Monday, September 15, 2008

Barack Obama’s Latin American Policy Experience

While Senator Obama is reviewing policy plans and preparing potential jabs at Senator McCain, staying of course at the lovely Belleview Biltmore golf and spa resort in Clearwater, Fla, I ponder to think what does the Latin American community think of this junior senator? And what do they really know about his Latin American platform?

South Florida received a bit of Sen. Obama’s flavor when he presented at the Cuban-American Foundation back on the week of Cuban Independence day on May 20. At that time, the mainstream Cuban-American community charged that Obama presents bland open promises of “change” without any substance, making them reminiscent of Castro’s insurgency in the mountains of Cienfuegos. A scary thought even in the post-cold war world of potential Islamic terrorism.

Even worse, this still does not consider that most Latinos are racists. Many Latinos would not consider Sen. Obama, even with his academic accolades and national achievements, simply because of—indicated by touching an index finger to their wrist—his color. The historical tradition of Latin American social hierarchy was through extraction—encouraged people to open their hand to social classes ahead of the ladder while squashing and withdrawing from those below—was, so often enough, predicated by color. But are Latin Americans really racists and do they really fear a new global crisis with Sen Obama?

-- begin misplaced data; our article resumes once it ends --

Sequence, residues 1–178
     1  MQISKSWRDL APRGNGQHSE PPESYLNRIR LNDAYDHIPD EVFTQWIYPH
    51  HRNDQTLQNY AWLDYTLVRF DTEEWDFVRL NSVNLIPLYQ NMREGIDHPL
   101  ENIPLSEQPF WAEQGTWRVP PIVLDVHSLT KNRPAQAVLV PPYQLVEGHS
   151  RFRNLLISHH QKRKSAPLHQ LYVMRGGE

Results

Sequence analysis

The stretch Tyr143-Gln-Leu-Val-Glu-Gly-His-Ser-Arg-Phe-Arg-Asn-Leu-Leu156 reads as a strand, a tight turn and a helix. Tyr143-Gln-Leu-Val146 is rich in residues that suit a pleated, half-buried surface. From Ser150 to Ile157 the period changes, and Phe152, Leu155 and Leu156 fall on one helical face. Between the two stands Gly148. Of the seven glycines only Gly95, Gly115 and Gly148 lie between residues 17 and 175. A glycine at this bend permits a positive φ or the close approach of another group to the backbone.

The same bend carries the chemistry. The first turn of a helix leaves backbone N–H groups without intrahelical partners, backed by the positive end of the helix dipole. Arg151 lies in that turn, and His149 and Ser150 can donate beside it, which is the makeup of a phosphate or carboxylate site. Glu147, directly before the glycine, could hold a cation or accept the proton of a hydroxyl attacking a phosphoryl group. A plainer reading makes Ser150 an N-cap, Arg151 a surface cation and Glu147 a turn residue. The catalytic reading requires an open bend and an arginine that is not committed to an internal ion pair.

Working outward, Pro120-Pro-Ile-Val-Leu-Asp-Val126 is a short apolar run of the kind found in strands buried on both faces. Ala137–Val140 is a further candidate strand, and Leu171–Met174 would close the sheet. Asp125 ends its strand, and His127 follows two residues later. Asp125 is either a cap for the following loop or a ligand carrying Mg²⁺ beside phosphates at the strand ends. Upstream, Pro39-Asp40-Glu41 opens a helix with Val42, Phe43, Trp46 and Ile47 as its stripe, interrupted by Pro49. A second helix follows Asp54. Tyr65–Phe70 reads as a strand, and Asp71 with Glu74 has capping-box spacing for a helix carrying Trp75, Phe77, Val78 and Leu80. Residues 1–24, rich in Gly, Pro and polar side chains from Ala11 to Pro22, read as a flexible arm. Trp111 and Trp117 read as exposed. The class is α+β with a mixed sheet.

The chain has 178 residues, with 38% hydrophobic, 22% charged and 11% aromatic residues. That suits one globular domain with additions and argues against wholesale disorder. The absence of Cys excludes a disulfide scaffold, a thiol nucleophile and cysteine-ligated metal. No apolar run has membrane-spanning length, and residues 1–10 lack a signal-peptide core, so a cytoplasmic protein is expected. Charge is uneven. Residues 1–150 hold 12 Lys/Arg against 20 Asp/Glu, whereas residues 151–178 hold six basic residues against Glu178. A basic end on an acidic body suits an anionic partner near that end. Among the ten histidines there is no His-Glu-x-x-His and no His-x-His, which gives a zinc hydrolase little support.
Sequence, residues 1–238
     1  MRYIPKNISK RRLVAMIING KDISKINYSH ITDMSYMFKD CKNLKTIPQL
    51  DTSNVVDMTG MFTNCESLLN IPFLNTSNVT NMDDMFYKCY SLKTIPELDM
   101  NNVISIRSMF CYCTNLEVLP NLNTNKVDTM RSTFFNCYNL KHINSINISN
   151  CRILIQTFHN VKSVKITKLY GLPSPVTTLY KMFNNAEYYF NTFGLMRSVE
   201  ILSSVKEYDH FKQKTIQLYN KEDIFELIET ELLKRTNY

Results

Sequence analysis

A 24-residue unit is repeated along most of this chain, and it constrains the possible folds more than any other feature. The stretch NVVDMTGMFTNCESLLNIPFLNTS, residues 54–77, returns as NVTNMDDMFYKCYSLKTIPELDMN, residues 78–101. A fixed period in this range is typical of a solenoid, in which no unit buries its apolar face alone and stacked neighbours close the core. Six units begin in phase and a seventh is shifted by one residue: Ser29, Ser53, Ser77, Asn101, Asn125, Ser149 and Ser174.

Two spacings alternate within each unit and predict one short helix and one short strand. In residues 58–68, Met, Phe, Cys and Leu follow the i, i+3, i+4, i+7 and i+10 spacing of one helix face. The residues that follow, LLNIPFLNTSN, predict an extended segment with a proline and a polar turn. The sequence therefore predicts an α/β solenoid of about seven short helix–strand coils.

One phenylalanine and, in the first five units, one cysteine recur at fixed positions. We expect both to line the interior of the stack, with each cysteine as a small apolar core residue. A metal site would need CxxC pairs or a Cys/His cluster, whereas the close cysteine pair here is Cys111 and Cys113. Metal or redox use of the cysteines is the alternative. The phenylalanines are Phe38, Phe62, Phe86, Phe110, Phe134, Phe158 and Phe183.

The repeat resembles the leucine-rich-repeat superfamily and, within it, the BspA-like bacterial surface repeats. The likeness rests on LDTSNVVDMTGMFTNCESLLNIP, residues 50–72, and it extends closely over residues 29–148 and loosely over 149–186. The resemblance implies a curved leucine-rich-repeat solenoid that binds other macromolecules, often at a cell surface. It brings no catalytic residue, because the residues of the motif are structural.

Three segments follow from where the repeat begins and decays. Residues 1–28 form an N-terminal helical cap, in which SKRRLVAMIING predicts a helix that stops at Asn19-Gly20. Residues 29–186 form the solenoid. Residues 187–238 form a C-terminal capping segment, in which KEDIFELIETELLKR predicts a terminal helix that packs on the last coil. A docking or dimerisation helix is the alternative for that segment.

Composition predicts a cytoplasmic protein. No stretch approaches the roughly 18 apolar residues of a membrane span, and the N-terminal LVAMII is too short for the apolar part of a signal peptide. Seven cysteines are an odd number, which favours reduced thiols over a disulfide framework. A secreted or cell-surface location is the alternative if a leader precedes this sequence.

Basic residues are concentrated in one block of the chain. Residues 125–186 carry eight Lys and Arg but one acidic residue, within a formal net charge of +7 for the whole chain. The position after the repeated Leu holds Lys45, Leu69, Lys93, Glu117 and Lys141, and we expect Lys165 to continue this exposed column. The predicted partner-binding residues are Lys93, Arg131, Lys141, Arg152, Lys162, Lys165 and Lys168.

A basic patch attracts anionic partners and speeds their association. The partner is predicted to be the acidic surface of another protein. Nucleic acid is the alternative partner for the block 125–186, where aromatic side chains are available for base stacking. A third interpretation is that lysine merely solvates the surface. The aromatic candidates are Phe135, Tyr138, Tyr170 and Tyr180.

Besides, without a clear look at Sen. Obama policies will this ignorance continue?

Honestly, the Democrats winning the White House could help Latin America and its current political and economic condition. Although with some gaps, Obama would like to return America’s leadership in the Hemisphere. He wants to employ American immigrants to US public diplomacy, expand the Peace Corps to Kennedy’s desire of 50,000, and re-establish US special envoy of the Americas in the White House.

Sen. Obama shares favorable democratic and social policies with moderate socialists governments of Michele Bachelet, Fernando Lugo and Tabare Vazquez. Which together, they could help sway politically difficult issues in multilateral organizations like the Inter-American Development Bank and the Organization of American States to help America fight and promote democracy against the Latin America’s “axis of evil” Hugo Chavez and Fidel Castro and other supposed foe. Appealing rationality to extremist with more friends could help the region. Engagement can only combat fear.

What's more, it is undisputable that Sen. Obama has superior experience in combating gang warfare and maintain high-quality security, which is a major issue currently effecting Central America and Mexico. A historic obstacle on the South Chicago, where Sen. Obama has experience to promote peace through civic engagement and faith based assistance. Possibly, this real experience might not help him win some votes, but it could provide endless use in the fight against the MARA and the Salvatrucha.

Finally, Sen Obama will promote more foreign assistance, engage the United Nations to eliminate the global education deficit, lead the world in the fight against the HIV aids epidemic, support small and medium enterprises, fight for more fair trade, while obeying human rights and labor standers, just to name a few ideas on the campaign. In conclusion, shouldn’t Latin’s reconsider Mr. Obama’s skin color, since it could help to put them in the oval office one day?

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